In October 48 B.C., after learning of the death of Pompey, Ceasar had taken possession of the royal palace in Alexandria, Egypt. He then destroyed the army of the Pharoah Ptolemy 13 and his younger sister Arsinoe 4. He drowned, she had been captured. Then Ceasar set Cleopatra 7 on the throne, making a firm alliance with her to feed his armies and refill his purse. After a fertile diversion with Cleo, on June 23, 47 B.C., Ceasar set off on a forced march, reminiscent of his quick invasion of Spain two years earlier. Ceasar crossed the Sinai, marched through Judea and Syria, and the eastern half of modern day Turkey, covering 800 miles in just 47days. On August 2nd at Zile, Ceasar crushed an army under the the rebellous King Pharnaces, and captured his Roman Senate advisor, Gaius Cassius Longinus. So smashing was his victory, that Ceasar's message informing the Senate was reduced to only three words - “veni, vidi, vici”. The translation reads, “I came, I saw, I conquered.” But in this case, Ceasar proved to be slightly optimistic.
His mistake was underestimating Cassius, a smart and feisty aristocrat. Cassius had warned against the invasion of Parthia back in 53 B.C. The few legionnaires who survived the debacle of Carrhea, were saved because Cassius lead them to safety. But after his own capture in 47 B.C., when Caesar offered Cassius a command in the expedition to destroy the last of the Senates' forces in Tunisia, Cassius said no. Almost any other Roman politician would have killed Cassius for that refusal. But again, Caesar was being magnanimous. He even decided to risk leaving this hot head unattended, loose in Rome.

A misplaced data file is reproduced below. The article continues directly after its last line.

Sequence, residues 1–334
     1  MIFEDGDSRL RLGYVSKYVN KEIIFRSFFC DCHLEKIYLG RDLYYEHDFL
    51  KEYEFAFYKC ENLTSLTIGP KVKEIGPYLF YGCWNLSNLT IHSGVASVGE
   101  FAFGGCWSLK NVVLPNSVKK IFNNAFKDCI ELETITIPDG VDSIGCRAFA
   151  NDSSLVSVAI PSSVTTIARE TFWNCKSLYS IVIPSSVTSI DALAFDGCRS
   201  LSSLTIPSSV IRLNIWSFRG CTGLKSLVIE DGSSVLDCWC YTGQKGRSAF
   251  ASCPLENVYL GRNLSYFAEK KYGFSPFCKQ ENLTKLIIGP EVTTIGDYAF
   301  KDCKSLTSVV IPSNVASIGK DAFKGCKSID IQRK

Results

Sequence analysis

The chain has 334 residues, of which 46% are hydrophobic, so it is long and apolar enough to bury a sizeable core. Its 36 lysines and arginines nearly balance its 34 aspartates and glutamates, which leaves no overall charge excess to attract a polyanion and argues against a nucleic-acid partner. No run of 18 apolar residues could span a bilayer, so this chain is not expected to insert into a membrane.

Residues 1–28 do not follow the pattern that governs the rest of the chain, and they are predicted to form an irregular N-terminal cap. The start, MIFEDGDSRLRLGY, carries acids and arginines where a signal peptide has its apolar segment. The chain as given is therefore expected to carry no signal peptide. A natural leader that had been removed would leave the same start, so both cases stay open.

Leaving the Temple of Jupiter, Ceasar now stood at the top of the steps while Marc Anthony held the laural wreath over his head. The crowd cheered this ritual, meant to display the hero's rejection of an offer of Kingship. But it seemed to those with suspicious minds that on each of the four days, Ceasar waited a little longer before rejecting the laurel wreath. Brutus wasn't certain he noticed such reluctance on Ceasar's part. But his brother-in-law Cassius, assured Brutus that he had indeed seen it.
From the Capitaline Hill, the Sacred Way and the the Triumpate parade led to the Circus Flaminius, adjacent to the Tiber River and Mars' Field. Here the city held amateur chariot races, and public meetings. Now long tables were set for a banquet, where thousands of average Roman citizens could feast on exotic foods from the newly conquered lands. But this had been a civil war, Roman had killed Roman, and other than the first days triumph to celebrate Ceasar's conquest of Gaul (50 B.C.), the lands Ceasar had recently conquered had already been Roman lands. There were many within the Senate who did not feel Ceasar should have been granted a triumph for his victories over Egypt (48 B.C.), King Pharnaces (47 B.C.) and the Senate Armies in North Africa and Spain (46 B.C.)
But the promise of parades and free meals, and the hundreds of new Senators Ceasar had appointed, had swayed the Senate to vote to approve the unprecedented four Triumphs. As the sun set on the final Triumph, as the last tipsy guest staggered off to the vomitorium, Julius Ceasar was at the pinnacle of his power.
But of all men, Ceasar was the most likely to have known, there was nowhere left to go from here but down.